Ben Shafer
Social Media Editor

In a constantly evolving family, there has never been a set tradition for Thanksgiving. Every year something new and typically unusual takes place and I’ve learned to never hold expectations. They can and will be broken.
It would be easy to say that my step brother Andy is the most unusual of my family members, but it would be safe to say that about everyone else, and if we did have to rank levels of unusualness, I would most likely be at the top.
While living in Concord, North Carolina, Andy invited us to spend Thanksgiving with him in the mountains. Andy planned to build a small cabin on land given to him by his wife Alexis’s family to live in. We let him live this fantasy.
We had been to Concord before during the earlier stages of his cabin. Andy smoked a turkey in an old oil barrel while he, my stepfather and I helped him with the cabin. I expected a similar experience. I was very wrong.
I am a very antisocial person, and I have a hard time dealing with crowds of people even with a comfort blanket in most cases being my mother. Instead of eating another smoked turkey in the woods while my stepbrother embarrassed himself, we went back to Alexis’s aunt’s house.
I had stayed in this house previously when her family was away on vacation, but this time around, I found it anything but vacant. People flooded each door in and out. Typically, I hate people, and while I did have a strong feeling of anxiety, something felt different.
In a house loaded with strangers, I’ve never felt more welcomed. The host was a kind woman in her late thirties, and made it her job to connect with everyone in her house. Her voice felt like caramel. With her voice I felt more connected to her than I have ever felt to Andy.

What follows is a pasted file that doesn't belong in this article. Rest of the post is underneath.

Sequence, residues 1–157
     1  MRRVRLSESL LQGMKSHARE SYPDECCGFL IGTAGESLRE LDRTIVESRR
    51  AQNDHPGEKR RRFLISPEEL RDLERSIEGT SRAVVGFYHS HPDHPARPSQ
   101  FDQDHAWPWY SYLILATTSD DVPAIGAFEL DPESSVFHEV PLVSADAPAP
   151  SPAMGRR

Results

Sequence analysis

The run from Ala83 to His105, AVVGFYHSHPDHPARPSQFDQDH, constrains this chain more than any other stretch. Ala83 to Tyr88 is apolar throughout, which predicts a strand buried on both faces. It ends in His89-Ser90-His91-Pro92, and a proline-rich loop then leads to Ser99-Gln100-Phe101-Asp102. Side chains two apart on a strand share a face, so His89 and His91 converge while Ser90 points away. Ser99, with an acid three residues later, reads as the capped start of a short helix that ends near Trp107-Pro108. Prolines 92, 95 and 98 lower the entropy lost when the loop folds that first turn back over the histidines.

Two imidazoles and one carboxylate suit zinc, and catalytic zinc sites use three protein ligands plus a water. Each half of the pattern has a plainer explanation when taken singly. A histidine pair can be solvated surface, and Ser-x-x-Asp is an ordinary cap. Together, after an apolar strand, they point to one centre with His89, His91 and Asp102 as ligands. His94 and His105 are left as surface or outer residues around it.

I knew in this time I would never see any of these people again, and while I knew I didn’t have to talk to them, I loved hearing their stories and experiences, swimming through a galaxy of lifetimes, trying to relate them to my own life. For whatever reason I held them to the expectation that I would feel the same level of relation with them as I did with Andy, but I was wrong. These people were new and exciting, and I understood them.
Things never stop changing. To this day I still don’t know Andy very well. He lost his cabin when he divorced Alexis. I never returned to that house. I haven’t even been to Concord since then. I don’t know what this upcoming Thanksgiving will give me, but I know to look for something exciting. I may never get this experience again, but maybe I can create this experience for someone else later in life.